1. It’s Now or Never

When salespeople make an offer that contains a specific advantage, the customer is more likely to buy right away. Consider the following scenario:

  • “At this price, this is the final one.”
  • “For clients who join up today, we’re offering a 20% discount.”
  • “I can move you to the front of the implementation line if you agree to buy immediately.”

This strategy works because it generates a feeling of urgency, which can assist overcome inertia when a prospect wants to buy but is unable to do so for whatever reason. Of course, before giving a discount or promotion, you should always demonstrate value.

2. The End of the Summary 

In order to convince the prospect to sign, salespeople that utilise this closing method repeat the goods the client is hoping to buy (emphasising the value and advantages).

Consider the following scenario:

  • “As a result, we offer the Centrifab washing machine with brushless motor, a 10-year full warranty, and free delivery and installation. When is the best time to deliver?”

You’re helping prospects picture what they’re getting out of the sale by condensing previously agreed-upon elements into one stunning bundle.

3. Closes at a Sharp Angle

Prospects frequently request price discounts or add-ons because they recognise that they have the upper hand — and that you anticipate it. If your sales manager has given you permission, use the acute angle close method to catch these prospects off guard.

B) Sales Closing Techniques of Today

These pre-programmed closure strategies are perhaps a bit out of date. Perhaps you find them a touch too “salesy,” especially with the surge of inbound sales.

The term “close” should be used to refer to any and all incremental agreements reached during the sales process, not simply at the point of final purchase.

In a sales meeting, agents should try to:

  • Identify the customer’s needs
  • Effectively describe how certain items or services meet those demands in a reasonable and satisfying manner.

There should be no obstacles to closure if these two prerequisites are met appropriately. At that moment, the concluding question can be asked directly.

Remember to keep track of all the information you get at this point in a free CRM. While the information may not appear immediately beneficial, keeping note of a prospect’s objections can help you improve your organisation and complete more transactions in the long term.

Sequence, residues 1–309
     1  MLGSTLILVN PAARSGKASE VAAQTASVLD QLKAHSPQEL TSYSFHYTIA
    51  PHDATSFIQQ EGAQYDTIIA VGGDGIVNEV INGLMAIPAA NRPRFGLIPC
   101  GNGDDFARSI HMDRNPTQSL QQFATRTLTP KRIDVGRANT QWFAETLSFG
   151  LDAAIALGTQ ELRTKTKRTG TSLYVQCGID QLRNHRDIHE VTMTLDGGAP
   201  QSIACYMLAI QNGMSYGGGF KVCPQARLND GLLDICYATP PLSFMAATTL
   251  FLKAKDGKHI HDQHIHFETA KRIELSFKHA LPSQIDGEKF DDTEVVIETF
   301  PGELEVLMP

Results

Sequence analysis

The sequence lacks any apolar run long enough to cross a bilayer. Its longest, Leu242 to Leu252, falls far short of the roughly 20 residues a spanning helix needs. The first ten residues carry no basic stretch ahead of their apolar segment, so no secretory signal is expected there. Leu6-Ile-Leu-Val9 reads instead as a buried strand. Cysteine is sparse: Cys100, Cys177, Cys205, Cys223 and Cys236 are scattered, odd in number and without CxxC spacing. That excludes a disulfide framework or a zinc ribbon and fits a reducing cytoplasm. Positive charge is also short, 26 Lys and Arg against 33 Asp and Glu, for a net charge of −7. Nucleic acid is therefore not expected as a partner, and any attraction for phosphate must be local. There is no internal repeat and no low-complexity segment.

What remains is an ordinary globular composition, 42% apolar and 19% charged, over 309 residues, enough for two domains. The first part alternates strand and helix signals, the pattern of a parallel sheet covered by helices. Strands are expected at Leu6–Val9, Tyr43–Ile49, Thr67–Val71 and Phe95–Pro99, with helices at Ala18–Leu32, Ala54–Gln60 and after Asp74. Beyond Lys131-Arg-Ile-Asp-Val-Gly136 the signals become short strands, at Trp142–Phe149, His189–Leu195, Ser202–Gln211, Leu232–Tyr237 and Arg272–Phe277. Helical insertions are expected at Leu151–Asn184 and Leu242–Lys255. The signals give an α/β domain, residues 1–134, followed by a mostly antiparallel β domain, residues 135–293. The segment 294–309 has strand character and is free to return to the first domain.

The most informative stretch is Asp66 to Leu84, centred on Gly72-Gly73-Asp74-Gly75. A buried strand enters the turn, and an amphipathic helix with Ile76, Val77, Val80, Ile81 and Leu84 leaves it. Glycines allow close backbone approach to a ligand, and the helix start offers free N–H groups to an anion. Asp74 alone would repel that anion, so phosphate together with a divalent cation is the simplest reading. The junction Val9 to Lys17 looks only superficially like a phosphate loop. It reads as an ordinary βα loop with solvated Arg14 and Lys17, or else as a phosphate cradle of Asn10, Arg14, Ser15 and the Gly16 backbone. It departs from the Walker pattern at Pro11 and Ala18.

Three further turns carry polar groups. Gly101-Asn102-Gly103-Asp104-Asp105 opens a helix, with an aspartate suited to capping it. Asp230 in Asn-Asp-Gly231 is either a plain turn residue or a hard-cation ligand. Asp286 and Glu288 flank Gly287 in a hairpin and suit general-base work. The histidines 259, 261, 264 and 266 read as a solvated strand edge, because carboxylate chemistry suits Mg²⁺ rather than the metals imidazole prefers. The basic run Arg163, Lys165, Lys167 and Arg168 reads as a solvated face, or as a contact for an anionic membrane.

4. The question is finished.

Reps must ask probing inquiries to prospects in order to attain these two fundamental aims. As soon as a conversation with a prospect begins, effective salespeople focus on completing the deal. They generate desire in the customer and remove all objections to purchasing through a sequence of queries.

A question can even be used to complete the transaction, allowing the salesperson to answer any remaining issues while also getting a commitment.

“Does what I’m presenting, in your perspective, fix your problem?” for example.

The query helps you to find out if the prospect is interested in your goods while still leaving the door open for more sales.

If they say no, it’s still their opinion (not necessarily the reality), so you may keep selling. If you answered yes, the following step is to sign on the dotted line.

Here’s another one to consider: “Is there any reason why the cargo can’t go ahead?”

This query seeks closure or further information on why the customer isn’t persuaded. It’s a win-win situation.

5. Assumptive Closes

The power of positive thought is used in this closure approach. If you feel you will complete this business from the first email outreach, it may have a huge impact on the remainder of the sales process.

It’s critical to keep a careful eye on your prospect’s interest, involvement, and objections throughout the process. “Did this presentation fulfil your expectations?” ask after a call or meeting. If you’ve just given them fresh information about your product or service, you could want to ask, “Is this something you think your organisation might benefit from? Is there a specific need or pain point that this addresses?”

By keeping your ear to the ground and assuming good intent from the outset, you’ll give your sales process power and direction that it wouldn’t have otherwise.

6. The Take-Out Window Is Closing

If you have children, you’ve probably seen that taking a toy away from them makes them desire it even more. On your prospects, use a similar psychological technique.

If they object to the price, eliminate a feature or service and provide them with the cheaper offer. It’s more probable that they’ll remember the portion you took away than the lower price.

7. Close the Suggestion

Another ‘hard close’ technique, you share your viewpoint on what might work best in this conversation. Make solid assertions like “a Friday shipment would fix that difficulty” or “if you sign a contract by [date], your onboarding would be well before quarter end.”

Why does this work? Your viewpoint, like facts, penetrates their minds, and you provide concrete solutions to some of their difficulties.


When it’s most effective: When you have a strong (personal) relationship with your prospect or believe they’re readily swayed.

When not to utilize it: If you don’t know your lead very well, or if they are a field specialist who knows more than you do.

8. The Backwards Close